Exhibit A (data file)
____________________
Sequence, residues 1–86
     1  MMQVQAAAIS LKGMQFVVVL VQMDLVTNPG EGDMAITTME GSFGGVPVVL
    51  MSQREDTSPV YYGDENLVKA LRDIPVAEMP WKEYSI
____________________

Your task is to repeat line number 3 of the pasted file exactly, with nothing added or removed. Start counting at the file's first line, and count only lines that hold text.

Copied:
    51  MSQREDTSPV YYGDENLVKA LRDIPVAEMP WKEYSI